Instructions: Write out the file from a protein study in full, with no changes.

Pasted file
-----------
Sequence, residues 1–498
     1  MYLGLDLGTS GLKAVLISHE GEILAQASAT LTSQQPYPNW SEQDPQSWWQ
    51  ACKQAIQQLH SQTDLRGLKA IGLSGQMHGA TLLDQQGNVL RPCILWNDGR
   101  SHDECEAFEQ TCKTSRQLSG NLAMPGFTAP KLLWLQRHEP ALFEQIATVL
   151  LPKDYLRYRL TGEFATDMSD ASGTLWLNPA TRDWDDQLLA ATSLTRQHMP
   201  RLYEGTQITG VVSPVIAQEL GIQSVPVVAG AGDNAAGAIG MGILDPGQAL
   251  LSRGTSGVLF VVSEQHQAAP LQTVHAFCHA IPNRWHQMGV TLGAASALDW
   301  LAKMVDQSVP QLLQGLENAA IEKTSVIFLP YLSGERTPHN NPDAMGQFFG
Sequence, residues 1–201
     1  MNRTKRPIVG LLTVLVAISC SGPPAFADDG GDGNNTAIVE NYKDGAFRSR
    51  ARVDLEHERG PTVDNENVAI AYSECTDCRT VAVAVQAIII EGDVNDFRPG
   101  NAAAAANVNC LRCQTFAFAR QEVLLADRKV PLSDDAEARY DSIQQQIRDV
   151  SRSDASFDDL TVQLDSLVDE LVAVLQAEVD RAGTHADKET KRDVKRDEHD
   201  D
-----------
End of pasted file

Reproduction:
Sequence, residues 1–498
     1  MYLGLDLGTS GLKAVLISHE GEILAQASAT LTSQQPYPNW SEQDPQSWWQ
    51  ACKQAIQQLH SQTDLRGLKA IGLSGQMHGA TLLDQQGNVL RPCILWNDGR
   101  SHDECEAFEQ TCKTSRQLSG NLAMPGFTAP KLLWLQRHEP ALFEQIATVL
   151  LPKDYLRYRL TGEFATDMSD ASGTLWLNPA TRDWDDQLLA ATSLTRQHMP
   201  RLYEGTQITG VVSPVIAQEL GIQSVPVVAG AGDNAAGAIG MGILDPGQAL
   251  LSRGTSGVLF VVSEQHQAAP LQTVHAFCHA IPNRWHQMGV TLGAASALDW
   301  LAKMVDQSVP QLLQGLENAA IEKTSVIFLP YLSGERTPHN NPDAMGQFFG
Sequence, residues 1–201
     1  MNRTKRPIVG LLTVLVAISC SGPPAFADDG GDGNNTAIVE NYKDGAFRSR
    51  ARVDLEHERG PTVDNENVAI AYSECTDCRT VAVAVQAIII EGDVNDFRPG
   101  NAAAAANVNC LRCQTFAFAR QEVLLADRKV PLSDDAEARY DSIQQQIRDV
   151  SRSDASFDDL TVQLDSLVDE LVAVLQAEVD RAGTHADKET KRDVKRDEHD
   201  D